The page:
Measure Balances Parents’ Right to Know, Teachers’ Right to Privacy
(Albany, NY) Assemblyman Mike Miller (D-Woodhaven) announced the Assembly passed a bill he supported which would require the results of the Annual Professional Performance Reviews (APPRs) of teachers and principals to be disclosed to parents (A.10786). This measure is expected to become law.
“Teacher evaluations are a tool to improve teaching and learning and to help make sure our kids get the best education possible,” Assemblyman Miller said. “Parents have a right to the record of their child’s teacher and school evaluations, but teachers also have the right to privacy. This bill strikes a balance, ensuring that parents get all the information they need, while at the same time ensuring that the names of teachers are not made public.”
Specifically, the Assembly’s bill would:
- Require school districts and Boards of Cooperative Educational Services (BOCES) to fully disclose and release to the public the final quality ratings of the APPRs of its teachers and principals;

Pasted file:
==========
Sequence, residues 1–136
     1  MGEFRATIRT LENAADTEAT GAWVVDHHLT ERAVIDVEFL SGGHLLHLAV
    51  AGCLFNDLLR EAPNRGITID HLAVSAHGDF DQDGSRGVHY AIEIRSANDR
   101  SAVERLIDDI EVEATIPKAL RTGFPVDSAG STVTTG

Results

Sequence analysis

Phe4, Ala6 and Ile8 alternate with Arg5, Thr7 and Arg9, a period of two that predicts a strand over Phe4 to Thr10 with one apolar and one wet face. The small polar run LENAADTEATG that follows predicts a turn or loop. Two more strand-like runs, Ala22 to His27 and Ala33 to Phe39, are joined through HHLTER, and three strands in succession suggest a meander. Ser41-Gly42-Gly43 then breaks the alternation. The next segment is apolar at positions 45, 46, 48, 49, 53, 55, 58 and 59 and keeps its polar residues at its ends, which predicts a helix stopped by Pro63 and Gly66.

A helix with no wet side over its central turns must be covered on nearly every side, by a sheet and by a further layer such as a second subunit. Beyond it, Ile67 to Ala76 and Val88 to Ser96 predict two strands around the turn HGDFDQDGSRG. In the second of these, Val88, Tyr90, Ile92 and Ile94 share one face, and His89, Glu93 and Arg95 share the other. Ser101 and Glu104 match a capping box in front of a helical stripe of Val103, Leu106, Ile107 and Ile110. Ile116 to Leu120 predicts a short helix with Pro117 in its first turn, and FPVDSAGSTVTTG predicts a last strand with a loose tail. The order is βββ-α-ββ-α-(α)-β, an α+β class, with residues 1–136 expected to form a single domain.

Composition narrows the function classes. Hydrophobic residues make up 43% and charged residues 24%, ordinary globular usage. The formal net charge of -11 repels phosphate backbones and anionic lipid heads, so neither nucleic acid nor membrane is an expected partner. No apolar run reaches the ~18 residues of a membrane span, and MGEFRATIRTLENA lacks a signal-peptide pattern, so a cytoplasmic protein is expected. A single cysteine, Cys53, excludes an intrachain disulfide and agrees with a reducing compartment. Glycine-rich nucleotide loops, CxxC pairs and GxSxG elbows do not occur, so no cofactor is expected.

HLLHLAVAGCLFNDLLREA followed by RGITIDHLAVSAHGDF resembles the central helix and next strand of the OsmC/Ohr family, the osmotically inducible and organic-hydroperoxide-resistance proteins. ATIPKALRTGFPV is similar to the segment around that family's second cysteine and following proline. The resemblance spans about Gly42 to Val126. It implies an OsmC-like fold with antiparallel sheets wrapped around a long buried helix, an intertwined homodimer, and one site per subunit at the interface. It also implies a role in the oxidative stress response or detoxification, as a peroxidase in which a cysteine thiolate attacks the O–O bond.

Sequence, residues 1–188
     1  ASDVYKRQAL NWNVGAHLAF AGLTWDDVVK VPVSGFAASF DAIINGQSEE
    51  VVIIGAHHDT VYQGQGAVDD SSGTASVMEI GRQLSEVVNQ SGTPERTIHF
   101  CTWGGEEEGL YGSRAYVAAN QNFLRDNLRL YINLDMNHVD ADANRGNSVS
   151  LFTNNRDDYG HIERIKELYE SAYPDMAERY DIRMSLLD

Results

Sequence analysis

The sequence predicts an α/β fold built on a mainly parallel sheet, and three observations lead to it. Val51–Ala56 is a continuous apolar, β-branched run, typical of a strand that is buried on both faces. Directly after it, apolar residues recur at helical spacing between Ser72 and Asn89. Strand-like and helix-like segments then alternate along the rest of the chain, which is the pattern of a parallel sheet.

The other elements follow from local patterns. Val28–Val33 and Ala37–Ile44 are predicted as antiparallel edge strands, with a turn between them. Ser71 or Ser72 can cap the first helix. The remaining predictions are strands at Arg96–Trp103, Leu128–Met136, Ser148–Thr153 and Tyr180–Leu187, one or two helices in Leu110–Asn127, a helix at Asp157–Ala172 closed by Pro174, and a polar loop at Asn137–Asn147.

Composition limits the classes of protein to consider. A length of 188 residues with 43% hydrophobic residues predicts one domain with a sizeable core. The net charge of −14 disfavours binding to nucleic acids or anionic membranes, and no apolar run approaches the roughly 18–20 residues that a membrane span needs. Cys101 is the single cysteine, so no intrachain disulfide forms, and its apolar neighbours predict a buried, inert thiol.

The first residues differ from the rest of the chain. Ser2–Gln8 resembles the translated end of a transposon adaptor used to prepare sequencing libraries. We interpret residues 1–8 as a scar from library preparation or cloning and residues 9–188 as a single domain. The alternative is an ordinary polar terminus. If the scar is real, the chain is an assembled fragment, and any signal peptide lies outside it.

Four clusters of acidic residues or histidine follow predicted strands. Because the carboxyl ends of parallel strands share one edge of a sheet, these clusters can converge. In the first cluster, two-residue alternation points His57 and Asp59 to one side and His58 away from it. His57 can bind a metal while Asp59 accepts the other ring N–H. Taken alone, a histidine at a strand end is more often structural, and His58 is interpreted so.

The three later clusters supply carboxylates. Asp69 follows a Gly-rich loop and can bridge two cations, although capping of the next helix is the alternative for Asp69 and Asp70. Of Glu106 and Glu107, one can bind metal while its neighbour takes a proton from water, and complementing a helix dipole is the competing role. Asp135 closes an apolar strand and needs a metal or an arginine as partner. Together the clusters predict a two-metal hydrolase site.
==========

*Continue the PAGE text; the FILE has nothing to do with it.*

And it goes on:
- Require the State Education Department (SED) to fully disclose APPR data on its website and by other means to make the data widely available to the public and suitable for research and analysis;
- Require school districts and BOCES to fully disclose and release to the parents or guardians the final rating for each of the teachers and for the principal of the school building to which the student is assigned for the current school year;
- Require SED and each school district and BOCES to ensure that any public release of APPR data does not contain personally identifying information for any teacher or principal; and
- Ensure that SED can collect the data and materials it needs to meet its Race to the Top obligations and carry out its other functions and duties.
“It’s important that these evaluations are transparent so that we can provide the best education possible to our children, but it would be inappropriate to make teachers’ names and ratings public,” Assemblyman Miller said. “It’s not done with any other public-service job, and it shouldn’t be done with our teachers.”
The Assembly’s bill takes into consideration the newness of the teacher-evaluation process and remains sensitive to the needs of students, parents and teachers alike, Assemblyman Miller noted.